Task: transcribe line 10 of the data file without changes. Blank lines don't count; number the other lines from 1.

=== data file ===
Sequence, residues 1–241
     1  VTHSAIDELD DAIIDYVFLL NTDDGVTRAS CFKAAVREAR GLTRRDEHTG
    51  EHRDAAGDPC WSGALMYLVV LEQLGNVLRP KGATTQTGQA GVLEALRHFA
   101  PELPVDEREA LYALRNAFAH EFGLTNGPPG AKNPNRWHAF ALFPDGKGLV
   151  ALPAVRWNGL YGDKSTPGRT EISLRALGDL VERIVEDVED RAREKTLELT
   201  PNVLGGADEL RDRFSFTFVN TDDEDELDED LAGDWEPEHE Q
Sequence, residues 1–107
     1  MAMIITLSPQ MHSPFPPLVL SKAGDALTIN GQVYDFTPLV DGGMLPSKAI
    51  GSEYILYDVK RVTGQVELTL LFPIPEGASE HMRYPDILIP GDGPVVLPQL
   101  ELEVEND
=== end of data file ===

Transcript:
   101  ELEVEND